Have you ever watched a cat move? It’s always so gently, quietly and with much elegance. That’s an important lesson whether you’re a professional athlete or a recreational runner. When doing jumps or runs pay attention to your form. Incorrect form can cause injuries. If you’re doing cardio or HIIT be considerate and always land softly on balls of your feet. Your knees and joints will be grateful.
3. Child’s Pose
Cats can sleep as much as 16 hours a day. After those long naps, the first thing a cat will do is to stretch. Cats stretch to get their muscles moving again after periods of inactivity, whether they’ve been sitting still or sleeping. That is why throughout the day you can see your cat doing something in yoga known as Child’s Pose.
Kneel on the floor. Touch your big toes together and sit on your heels. Then separate your knees about as wide as your hips. Exhale and lay your torso down between your thighs. Your heart and chest should rest between or on top of your thighs. Allow your forehead to come to the floor. Keep your arms long and extended, palms facing down. Press back slightly with your hands to keep your pelvis in contact with your heels. Lengthen from your hips to your armpits, and then extend even further through your fingertips. Another option is to bring your arms back to rest alongside your thighs with your palms facing up. Completely relax your elbows.
Child’s Pose is a simple way to calm your mind, slow your breath, and restore a feeling of peace and safety. Practicing the pose before bedtime can help to release the worries of the day. Practicing in the morning can help you transition from sleeping to waking. Use Child’s Pose throughout your practice whenever you need a break between poses or if you get out of breath. Return to the practice when you are ready.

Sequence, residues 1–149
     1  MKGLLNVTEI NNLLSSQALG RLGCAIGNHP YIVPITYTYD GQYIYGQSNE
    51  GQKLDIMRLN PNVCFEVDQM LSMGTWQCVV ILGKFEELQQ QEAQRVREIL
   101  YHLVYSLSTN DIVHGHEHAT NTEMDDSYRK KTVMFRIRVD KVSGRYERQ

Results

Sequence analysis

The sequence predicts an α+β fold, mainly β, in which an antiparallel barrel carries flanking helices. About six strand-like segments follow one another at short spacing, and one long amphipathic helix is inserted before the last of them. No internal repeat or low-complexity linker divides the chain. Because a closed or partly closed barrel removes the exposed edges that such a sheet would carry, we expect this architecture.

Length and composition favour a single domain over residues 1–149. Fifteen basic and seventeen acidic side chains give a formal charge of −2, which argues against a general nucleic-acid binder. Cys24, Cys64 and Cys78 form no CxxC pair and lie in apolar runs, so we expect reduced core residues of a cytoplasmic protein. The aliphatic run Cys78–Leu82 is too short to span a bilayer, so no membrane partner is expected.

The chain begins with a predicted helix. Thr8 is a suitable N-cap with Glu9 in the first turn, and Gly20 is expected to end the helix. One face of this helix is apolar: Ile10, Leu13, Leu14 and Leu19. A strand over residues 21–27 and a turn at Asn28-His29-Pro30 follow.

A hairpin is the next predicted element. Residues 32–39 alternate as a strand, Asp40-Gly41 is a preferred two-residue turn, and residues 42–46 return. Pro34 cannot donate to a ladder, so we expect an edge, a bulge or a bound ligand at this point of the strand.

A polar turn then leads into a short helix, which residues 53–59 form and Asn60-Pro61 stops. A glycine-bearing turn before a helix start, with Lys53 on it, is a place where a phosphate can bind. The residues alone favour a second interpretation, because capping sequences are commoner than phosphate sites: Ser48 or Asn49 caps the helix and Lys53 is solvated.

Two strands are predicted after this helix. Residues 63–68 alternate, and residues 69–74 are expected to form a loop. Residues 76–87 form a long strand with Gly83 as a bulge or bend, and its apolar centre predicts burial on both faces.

4. Sphinx Pose
Sphinx Pose is a very common pose for a resting cat. When it comes to Sphinx Pose in the shape of an exercise, there are so many modifications. You can try whichever one suits best your current abilities. Whether it be a more passive or more active variation.
Lie on your belly, with the forearms flat on the floor, elbows under the shoulders, chin on the floor and legs together. Rotate your thighs inwardly by rolling your outer thighs toward the floor. Reach actively through your toes to the wall behind you. As you move into the pose, be sure to continue lengthening your tailbone toward your heels to protect your lower back. Press the forearms down into the floor and inhale and lift the head and chest off of the floor, keeping the neck in line with the spine. Stay for three to ten breaths, then exhale and slowly release your belly and lower your torso and head to the floor. Turn your head to one side. Lie quietly for a while, broadening your back with each inhale, and releasing any tension with each exhale. Repeat once or twice more if you like.